## onsdag 4 november 2009

### Feed-Back on Climate Sensitivity by Lindzen and Spencer

Spencer comments on the recent article by Lindzen and Choi about climate feed-backs computed from ERBE data. Let me add some comments: A simple mathematical climate model takes the form

dT/dt = Q + A T - B T,

where T is temperature, e.g. global ocean surface temperature, t is time, Q is radiative heat forcing, A T is feed-back heat forcing from e.g. water vapour and clouds and B T is feed-back into outgoing LW radiation, with B a positive constant and A positive for positive feed-back.

ERBE data gives information on time-variations of T and outgoing radiation B T, indicating that B is in the range 4-6 W/m2K. The time-variation of Q + A T thus is given by measured data, which may allow determination the coefficient A under some assumption on Q as an unknown source. This would allow computation of climate sensitivity

S = Q/C with C = B - A

with Q = 3.7 W/m2K the known radiative forcing from doubling of CO2.

Lindzen claims to obtain from measurement that S is less than 1 degree Celcius, while IPCC from climate models gets S in the range 2 - 5 degrees Celcius, which is the scientific climate debate in a nutshell. I don't see how to retrace Lindzen's estimate of S in the data, which is also the concern of Spencer.

It seems that Lindzen from outgoing radiation computes A to be negative thus indicating negative feedback. But outgoing radiation is modeled by B T and not A T and in principle B - A can be small corresponding to large climate sensitivity, even if B = 4 - 6 as measured. It seems that true climate sensitivity is still to be determined, although Lindzen in his lecture Deconstructing Global Warming makes the rather bold statement: the very issue of global warming is wrong, since climate sensitivity is about 0.5 degrees Celcius upon doubling of CO2. I have written to Lindzen to get some clarification and am expecting some feed-back.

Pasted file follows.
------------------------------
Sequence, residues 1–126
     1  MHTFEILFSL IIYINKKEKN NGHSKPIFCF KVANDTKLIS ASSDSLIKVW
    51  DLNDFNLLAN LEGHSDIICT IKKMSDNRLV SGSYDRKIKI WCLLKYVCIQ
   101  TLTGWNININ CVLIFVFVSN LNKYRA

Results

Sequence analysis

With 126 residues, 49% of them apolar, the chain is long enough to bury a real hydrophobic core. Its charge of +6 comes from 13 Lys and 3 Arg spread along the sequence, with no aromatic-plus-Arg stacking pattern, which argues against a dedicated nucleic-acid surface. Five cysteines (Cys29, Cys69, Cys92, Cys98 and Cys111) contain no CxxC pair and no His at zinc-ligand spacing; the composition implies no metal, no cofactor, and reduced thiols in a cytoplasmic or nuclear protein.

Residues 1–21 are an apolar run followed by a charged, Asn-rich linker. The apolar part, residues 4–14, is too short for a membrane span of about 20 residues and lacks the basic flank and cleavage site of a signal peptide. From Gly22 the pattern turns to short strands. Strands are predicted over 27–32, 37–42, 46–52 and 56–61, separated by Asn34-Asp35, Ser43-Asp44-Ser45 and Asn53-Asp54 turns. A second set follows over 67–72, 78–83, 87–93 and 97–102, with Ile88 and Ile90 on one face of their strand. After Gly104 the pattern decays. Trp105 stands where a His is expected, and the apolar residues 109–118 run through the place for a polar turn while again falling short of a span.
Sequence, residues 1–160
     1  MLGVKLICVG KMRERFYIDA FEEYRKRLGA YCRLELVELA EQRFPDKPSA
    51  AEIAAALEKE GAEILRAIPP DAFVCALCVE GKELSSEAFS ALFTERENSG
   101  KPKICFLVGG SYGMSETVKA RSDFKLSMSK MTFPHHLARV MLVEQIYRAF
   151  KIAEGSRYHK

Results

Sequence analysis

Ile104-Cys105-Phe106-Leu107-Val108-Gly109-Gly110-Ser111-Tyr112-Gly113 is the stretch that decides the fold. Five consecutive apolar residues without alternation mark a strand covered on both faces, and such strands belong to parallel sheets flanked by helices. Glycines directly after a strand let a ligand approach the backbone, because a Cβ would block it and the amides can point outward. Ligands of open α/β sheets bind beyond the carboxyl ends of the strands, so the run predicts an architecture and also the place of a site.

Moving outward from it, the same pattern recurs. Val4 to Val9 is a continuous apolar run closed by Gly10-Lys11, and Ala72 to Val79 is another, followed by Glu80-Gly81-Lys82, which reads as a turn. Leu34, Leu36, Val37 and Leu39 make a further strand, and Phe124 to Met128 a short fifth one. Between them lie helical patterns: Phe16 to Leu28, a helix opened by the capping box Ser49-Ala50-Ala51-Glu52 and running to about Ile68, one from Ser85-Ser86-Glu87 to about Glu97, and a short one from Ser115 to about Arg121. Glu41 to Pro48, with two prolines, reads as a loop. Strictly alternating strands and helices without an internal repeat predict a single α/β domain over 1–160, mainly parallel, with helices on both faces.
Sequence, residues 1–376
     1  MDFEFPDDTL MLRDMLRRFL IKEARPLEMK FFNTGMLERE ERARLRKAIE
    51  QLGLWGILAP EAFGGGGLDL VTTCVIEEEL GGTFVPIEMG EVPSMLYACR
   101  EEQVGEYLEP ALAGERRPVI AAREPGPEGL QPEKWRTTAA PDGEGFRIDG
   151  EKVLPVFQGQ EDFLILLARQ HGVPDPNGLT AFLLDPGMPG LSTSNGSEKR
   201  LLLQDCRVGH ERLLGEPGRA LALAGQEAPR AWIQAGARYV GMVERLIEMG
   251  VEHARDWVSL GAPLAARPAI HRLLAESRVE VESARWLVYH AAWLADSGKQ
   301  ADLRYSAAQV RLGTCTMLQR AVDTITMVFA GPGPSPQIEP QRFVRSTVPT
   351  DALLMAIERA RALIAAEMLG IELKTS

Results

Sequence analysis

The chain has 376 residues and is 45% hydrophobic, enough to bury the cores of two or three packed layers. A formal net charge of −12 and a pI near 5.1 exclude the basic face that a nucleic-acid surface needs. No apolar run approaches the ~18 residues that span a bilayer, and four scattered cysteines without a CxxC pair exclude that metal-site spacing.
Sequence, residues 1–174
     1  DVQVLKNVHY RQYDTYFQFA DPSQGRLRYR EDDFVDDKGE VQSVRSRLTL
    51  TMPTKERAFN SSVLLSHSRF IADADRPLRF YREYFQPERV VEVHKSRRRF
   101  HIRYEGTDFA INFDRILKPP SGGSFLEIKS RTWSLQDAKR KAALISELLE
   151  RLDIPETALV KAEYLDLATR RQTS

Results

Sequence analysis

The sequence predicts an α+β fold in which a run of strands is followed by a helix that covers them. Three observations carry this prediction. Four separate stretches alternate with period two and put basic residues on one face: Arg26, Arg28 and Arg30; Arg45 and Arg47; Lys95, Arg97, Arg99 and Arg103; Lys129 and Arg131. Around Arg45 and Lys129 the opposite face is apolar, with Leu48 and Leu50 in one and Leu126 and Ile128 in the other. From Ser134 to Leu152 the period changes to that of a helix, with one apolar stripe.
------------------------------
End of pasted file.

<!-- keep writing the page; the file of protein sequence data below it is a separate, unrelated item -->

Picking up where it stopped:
Nevertheless, Lindzen observed that current climate models driven by surface temperature predict much less outgoing LW radiation than measured by ERBE, which is an indication that current climate models overestimate S, by underestimating C.

More precisly, it seems that Lindzen claims that current climate models predict that less radiation escapes to space as the surface temperature rises. In the model this would seem to mean that B, or B - A is negative, which Lindzen interpretes as cloud cover thickening with increasing temperature and compares with measurements indicating instead a thinning cloud cover. Lindzen calls this thermostatic behavior the Iris-effect. But can it really be true that current climate models are so completely off track that they indicate less outgoing radiation under surface temperature increase, which seems exponentially unstable?

As a more domestic interpretation of the above model we may think of heating a room with a window with a curtain through a heat source Q, where B T represents the heat going out through the window and A T represents shielding from the curtain, with B the heat transfer coefficient of the window and A a shielding coefficient of the curtain. With positive feed-back A is positive, which means that increasing temperature comes with increasing curtain cover, obviously a case of concern. Measurements are made of T and B T under an unknown heat source Q, and what is sought is the temperature rise T under a given heat source Q, which directly relates to the shielding coefficient A through T = Q/C with C = B - A. The response of the system to changes in T is thus measured, under an unknown heat source, and what is sought is the response of the system under a known heat source. Depending on the data the requested feedback coefficient A can be more or less well determined. The time-dynamics is determined by the exponential damping factor exp(- C t) and slow damping indicates small C and thus large positive feedback, while quick damping indicates small feedback.

The above equation is a very simple climate model, and Lindzen uses an even simpler model in his estimation of climate sensitivity. It cannot be reasonable to let the fate of humanity depend on such simple models. It must be possible to do better...I thus agree with the statements of Spencer:

• In any event, I don’t think the question of exactly what feedbacks are exhibited by the ERBE satellite is anywhere close to being settled.
• I predict that Lindzen and Choi will eventually be challenged by other researchers who will do their own analysis of the ERBE data ... and then publish conclusions that are quite divergent from the authors’ conclusions.